You will recall that a conduit is a commercial mortgage company that specializes in originating commercial loans destined for re-sale into the CMBS market.  CMBS stands for commercial mortgage-backed securities.  CMBS loans are large commercial loans, typically $5 million or more, secured by the Four Basic Food Groups - multifamily, office, retail, and industrial.

 

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Conduit lenders will NOT lock their interest rates.  Your rate will float with the credit markets while your huge commercial loan is in process.  That being said, most conduits will usually hold true to their margins or spreads.  Let me explain.

Conduit loans are priced at some margin or spread, say, 225 bps. (2.25%) over ten year Treasuries or ten-year swap spreads.  A basis point or bip is 1/100th of 1%.  Therefore 25 bps. is equal to one-quarter of 1%.  Fifty basis points is one-half of one percent.

 

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What is this ten-year swap spread thingee?  A swap occurs when a lender assumes the risk of rates going up by swapping his adjustable rate bond for a fixed rate bond.  Remember, if you own a fixed rate bond - say a ten-year Treasury bond at 2.5% - and interest rates increase so that new ten-year Treasuries start yielding 3.5%, then your 2.5% bond will fall painfully in value.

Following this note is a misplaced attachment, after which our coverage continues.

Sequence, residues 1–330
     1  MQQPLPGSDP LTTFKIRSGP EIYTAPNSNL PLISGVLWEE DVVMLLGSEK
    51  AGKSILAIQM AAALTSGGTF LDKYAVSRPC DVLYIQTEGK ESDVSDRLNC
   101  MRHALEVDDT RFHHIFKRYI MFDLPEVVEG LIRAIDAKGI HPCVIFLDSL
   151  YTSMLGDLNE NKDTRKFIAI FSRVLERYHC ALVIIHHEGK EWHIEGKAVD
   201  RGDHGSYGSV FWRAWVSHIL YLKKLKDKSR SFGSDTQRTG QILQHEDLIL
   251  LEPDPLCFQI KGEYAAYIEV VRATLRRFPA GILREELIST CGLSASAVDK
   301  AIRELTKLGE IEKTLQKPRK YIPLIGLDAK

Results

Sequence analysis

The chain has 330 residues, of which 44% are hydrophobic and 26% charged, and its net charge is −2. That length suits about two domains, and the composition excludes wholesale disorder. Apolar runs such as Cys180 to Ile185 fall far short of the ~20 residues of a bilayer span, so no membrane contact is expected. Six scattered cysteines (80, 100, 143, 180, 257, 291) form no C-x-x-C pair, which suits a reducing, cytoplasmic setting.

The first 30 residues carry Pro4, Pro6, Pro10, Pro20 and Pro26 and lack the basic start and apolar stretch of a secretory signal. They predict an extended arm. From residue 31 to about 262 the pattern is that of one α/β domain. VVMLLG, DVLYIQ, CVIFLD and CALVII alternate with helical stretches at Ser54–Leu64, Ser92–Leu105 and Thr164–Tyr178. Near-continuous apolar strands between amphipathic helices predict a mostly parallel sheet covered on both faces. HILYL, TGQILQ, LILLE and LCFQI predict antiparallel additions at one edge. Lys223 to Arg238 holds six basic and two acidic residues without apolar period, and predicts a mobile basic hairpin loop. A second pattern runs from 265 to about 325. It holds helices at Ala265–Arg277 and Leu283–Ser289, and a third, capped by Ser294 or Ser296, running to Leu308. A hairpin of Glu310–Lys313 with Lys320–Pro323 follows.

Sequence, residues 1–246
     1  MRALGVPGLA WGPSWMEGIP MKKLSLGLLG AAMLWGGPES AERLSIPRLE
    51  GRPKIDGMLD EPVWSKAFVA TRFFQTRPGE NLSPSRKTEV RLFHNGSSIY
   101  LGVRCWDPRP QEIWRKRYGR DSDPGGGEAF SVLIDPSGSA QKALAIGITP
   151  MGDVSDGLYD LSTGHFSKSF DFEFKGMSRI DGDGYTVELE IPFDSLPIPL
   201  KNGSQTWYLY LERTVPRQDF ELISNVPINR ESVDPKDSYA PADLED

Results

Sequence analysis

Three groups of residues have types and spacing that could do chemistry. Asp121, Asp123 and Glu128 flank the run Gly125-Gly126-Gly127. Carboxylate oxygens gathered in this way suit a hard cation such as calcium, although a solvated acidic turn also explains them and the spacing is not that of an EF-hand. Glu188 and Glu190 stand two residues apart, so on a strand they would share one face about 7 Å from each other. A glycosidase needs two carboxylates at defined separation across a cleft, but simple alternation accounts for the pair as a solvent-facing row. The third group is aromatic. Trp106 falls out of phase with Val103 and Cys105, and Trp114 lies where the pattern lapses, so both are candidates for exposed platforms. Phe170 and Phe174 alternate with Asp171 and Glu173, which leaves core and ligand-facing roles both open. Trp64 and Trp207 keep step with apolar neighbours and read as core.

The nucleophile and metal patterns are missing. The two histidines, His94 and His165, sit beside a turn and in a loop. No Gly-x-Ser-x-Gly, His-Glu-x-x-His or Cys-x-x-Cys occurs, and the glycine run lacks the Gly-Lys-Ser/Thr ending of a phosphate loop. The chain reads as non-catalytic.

Since the guy swapping his adjustable rate bond for a fixed rate bond is taking a risk, he will normally demand some sort of sweetener to do the deal.  That sweetener is known as a swap spread, and it it expressed as an interest rate.  Today, ten-year swap spreads and ten-year Treasury bonds (also known as the long bond), are about the same value.

 

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Conduits today are pricing their big commercial loans using the higher of either ten-year swap spreads or ten-year Treasuries.  For example, a conduit might issue a term sheet today for a $7.2 million ten-year permanent loan on a shopping center in Los Angeles.  They might price the commercial loan at 225 bps. over ten-year swap spreads.  The 225 basis points, in this example, is the conduit's margin.

Above we mentioned that conduits will NOT lock their interest rate during the 75-day processing period of one of these huge commercial loans.  Most conduits, however, WILL hold true to their proposed margin or spread under most circumstances.  It's kind of a moral thing.  Conduits are not legally obligated to lock in their margins; but unless there is absolute chaos in the market, they will usually not change it.

 

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Occasionally, however, the credit markets will plunge into chaos; and the appetite of bond buyers (pension trusts, insurance companies, family offices, etc.) to buy bonds backed by commercial mortgages will disappear.  For example, suppose English jets sought out and destroyed a Russian destroyer in retaliation for a second poisoning attack on English soil.

When this happens, conduits have little choice but to keep increasing their interest rates until CMBS bond buyers return to the market.  "Dude, we're sorry to do this, but with the chaos in the marketplace, we are going to have to re-price your loan."  In other words, the conduit will only make the big $7.2 million loan if the borrower agrees to an increase in the conduit's margin or spread to 325 bps.

 

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Topics: locking your rate